Linked Questions

8
votes
0answers
452 views

Infinitive without “to”? [duplicate]

Possible Duplicate: What is the correct way to use infinitive after the verb “help”: with or without “to”? Today I found this headline on bbc.co.uk How one family is ...
6
votes
2answers
6k views

Omitting the last “to” in “All {I need to / have to / must} do is (to?) do something” [duplicate]

I remember I learned a structure like the one that this post’s title mentions: All I {need to do | have to do | must do} is do something. But is it correct to use "to do something" after the "is" ...
6
votes
1answer
2k views

“Help rule out” vs. “help to rule out” [duplicate]

Duplicate of: What is the correct way to use infinitive after the verb “help”: with or without “to”? “Could help avoid” vs. “could help to avoid” “Helping you do ...
4
votes
3answers
2k views

Difference between “help + [infinitive]” with and without “to”

Englishgrammar.org has an article discussing cases where an infinitive does not use the word "to." One case is with many causative verbs like "make" and "let." I want the water to run *I want ...
4
votes
1answer
33k views

“Help in doing something” or “Help doing something”

Is the preposition in necessary or abundant? To be specific, which of these two sentences sounds better/is correct? This helps in achieving better fuel economy. or This helps achieving better ...
3
votes
3answers
204 views

Using an unrelated “too” before an infinitive

I came across the following in a children's textbook about Japanese: [Ninja] did not have magic powers but they did have [discipline, determination and daring] ... These attributes will help you ...
2
votes
4answers
2k views

Why is the verb used without “-s” in this sentence? [duplicate]

In order to help the system make a better guess of the corner locations,... In this sentence, why is "make" not succeeded by "s"? It seems it is needed!
2
votes
2answers
20k views

Does “help” take the preposition “to”? [duplicate]

Possible Duplicate: What is the correct way to use infinitive after the verb “help”: with or without “to”? “Help rule out” vs. “help to rule out” ...
2
votes
2answers
1k views

Why can't I use the word 'to' after the verb 'helped'?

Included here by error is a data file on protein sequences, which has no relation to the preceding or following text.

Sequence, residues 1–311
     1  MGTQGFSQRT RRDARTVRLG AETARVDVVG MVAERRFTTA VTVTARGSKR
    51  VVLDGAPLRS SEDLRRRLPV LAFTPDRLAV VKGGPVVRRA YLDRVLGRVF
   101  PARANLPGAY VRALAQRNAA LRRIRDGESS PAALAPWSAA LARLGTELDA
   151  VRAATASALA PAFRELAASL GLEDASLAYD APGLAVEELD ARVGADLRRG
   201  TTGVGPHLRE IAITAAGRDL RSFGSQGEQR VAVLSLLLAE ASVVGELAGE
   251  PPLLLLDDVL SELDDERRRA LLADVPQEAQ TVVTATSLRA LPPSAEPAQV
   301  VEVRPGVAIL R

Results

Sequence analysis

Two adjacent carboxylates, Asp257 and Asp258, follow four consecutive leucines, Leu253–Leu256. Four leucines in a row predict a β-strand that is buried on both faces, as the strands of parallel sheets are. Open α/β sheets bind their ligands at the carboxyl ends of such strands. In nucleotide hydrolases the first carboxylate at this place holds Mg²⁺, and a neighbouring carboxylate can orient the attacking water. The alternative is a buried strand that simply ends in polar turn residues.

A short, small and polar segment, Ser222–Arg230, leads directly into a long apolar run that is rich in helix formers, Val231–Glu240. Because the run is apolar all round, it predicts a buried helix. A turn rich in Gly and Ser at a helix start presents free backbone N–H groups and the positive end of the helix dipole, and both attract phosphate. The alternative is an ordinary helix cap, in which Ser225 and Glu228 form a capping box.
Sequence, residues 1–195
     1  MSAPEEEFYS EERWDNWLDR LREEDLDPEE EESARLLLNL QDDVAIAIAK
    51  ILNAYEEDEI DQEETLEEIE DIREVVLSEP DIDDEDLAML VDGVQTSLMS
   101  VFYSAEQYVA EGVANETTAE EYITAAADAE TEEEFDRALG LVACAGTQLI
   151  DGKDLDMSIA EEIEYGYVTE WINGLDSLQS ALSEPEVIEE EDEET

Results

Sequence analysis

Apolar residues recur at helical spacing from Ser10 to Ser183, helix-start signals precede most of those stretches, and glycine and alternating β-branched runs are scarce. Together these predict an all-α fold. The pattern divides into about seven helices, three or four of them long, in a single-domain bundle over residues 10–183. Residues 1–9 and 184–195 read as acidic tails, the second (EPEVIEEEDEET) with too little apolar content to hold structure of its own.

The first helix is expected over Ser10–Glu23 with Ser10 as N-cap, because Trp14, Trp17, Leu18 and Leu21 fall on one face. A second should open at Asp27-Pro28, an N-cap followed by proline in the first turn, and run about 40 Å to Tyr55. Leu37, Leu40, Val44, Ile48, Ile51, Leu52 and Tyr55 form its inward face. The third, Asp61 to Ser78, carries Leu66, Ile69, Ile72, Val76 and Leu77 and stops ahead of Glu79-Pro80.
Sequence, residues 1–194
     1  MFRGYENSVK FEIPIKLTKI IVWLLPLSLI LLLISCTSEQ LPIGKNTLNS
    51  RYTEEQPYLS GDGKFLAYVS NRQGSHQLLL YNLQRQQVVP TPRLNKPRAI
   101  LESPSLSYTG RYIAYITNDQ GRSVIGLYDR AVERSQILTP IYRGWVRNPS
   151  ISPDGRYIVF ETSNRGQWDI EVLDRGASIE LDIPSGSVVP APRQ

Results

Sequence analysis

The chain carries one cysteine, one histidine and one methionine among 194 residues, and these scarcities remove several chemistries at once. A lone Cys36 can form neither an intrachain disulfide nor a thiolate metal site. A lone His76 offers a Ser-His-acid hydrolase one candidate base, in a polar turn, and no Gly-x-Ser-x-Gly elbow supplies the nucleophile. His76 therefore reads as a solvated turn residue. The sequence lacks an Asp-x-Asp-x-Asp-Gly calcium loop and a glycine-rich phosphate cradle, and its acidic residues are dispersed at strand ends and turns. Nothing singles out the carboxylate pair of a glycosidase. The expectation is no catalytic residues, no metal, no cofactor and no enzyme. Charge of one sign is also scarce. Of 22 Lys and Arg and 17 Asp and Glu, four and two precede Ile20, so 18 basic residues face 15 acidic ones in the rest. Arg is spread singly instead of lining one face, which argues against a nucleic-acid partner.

I know it is incorrect to say, "They helped to her" and that it should be, "They helped her", but why is the word "to" not needed? And yet the word to is in this sentence: "They helped to get her free....
2
votes
2answers
171 views

“Get help with [deciding]” or just “get help [deciding]”

I've looked at similar questions but couldn't find any describing whether "with" should be used in this situation. This question seems the most similar, the result being that it is okay to use "to" ...
2
votes
0answers
206 views

“Helping you do something” or “Helping you to do something”? [duplicate]

Possible Duplicate: What is the correct way to use infinitive after the verb “help”: with or without “to”? In the phrase "Helping you to master Russian", is it correct to ...
2
votes
0answers
2k views

“Could help avoid” vs. “could help to avoid” [duplicate]

Possible Duplicate: “Help to do” or “help do”? Is it correct to say: The right sitting posture could help you avoid back problems. OR The right sitting posture ...
1
vote
3answers
63k views

You're welcome, it's been my pleasure helping you out?

Is it correct to say: You're welcome, it has been my pleasure helping you out! Or is this more correct: You're welcome, it has been my pleasure to help you out! Or are both fine?
1
vote
1answer
1k views

“Help” as a Non-Modal verb

Please read the following sentence: Microsoft CEO Steve Ballmer is planning his retirement in the next nine months from the software giant he helped build. Would you consider "helped" a Non-Modal ...
1
vote
2answers
8k views

“help achieve” usage (verb licensing) [duplicate]

When I was taught English (as a foreign language) I was told that there are two ways of putting verbs together: learn to play (to + infinitive) quit smoking (gerund) Some verbs require one way and ...

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